Last night our country elected our 45th president of the United States.  With the election will come mixed emotions for children and families.  Our recommendation as a school?  Talk with your child about it, share that over the many years of our country’s history there have been people in our country on both sides of the election results.  Teach our children that what matters each day is to be kind and respectful – especially of those who may feel differently than you.  This is a wonderful excuse to talk about tolerance and how we as a community respectfully engage with family, friends, and neighbors who may differ from us.  It also provides a wonderful opportunity to talk about our systems of government and that there are countries around the world that do not allow their people a voice in selecting their leaders, or that their leadership is a lifetime appointment (rather than a 4 year appointment.)  This is a time for learning, acceptance, and inclusion of each other.  And in the end… most importantly… be kind!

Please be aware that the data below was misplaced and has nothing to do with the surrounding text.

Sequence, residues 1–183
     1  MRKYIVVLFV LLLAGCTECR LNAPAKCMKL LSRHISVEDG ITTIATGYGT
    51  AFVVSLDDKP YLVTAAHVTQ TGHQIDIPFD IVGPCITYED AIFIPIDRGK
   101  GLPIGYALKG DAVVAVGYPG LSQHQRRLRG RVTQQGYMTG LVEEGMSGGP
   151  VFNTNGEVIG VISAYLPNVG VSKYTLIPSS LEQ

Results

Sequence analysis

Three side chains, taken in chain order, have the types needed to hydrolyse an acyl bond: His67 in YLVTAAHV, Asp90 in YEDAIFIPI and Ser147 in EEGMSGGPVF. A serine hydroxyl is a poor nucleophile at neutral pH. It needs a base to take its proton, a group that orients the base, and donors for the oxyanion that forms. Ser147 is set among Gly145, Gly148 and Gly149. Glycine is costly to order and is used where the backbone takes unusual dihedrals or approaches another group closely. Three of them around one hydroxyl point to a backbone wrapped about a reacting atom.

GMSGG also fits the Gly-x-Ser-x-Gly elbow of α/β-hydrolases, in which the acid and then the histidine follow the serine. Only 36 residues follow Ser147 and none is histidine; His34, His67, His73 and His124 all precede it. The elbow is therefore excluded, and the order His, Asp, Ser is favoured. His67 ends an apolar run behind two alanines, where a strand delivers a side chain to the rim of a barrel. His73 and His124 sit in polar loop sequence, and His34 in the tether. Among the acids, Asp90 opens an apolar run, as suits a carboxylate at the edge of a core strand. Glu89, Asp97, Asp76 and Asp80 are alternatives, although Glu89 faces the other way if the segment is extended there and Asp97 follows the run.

Mrs. Leonard

Thursday, November 3, 2016

Barrows Shining Stars can celebrate Safety!

Dear Barrows Community,

As you have likely seen, we have been communicating about the importance of a focus on our Barrows' Belief of "Be Safe."  We value our ongoing partnerships with our families in supporting our students.  Just like reading with your child at home supports their growth as readers, practicing and discussing expectations for student behavior helps reinforce their learning and growth in this area.  I would like to share the language and expectations that we utilize with our students, especially during our outside times, with the hope that our Barrows Families will help reinforce these safety measures and expectations with our students.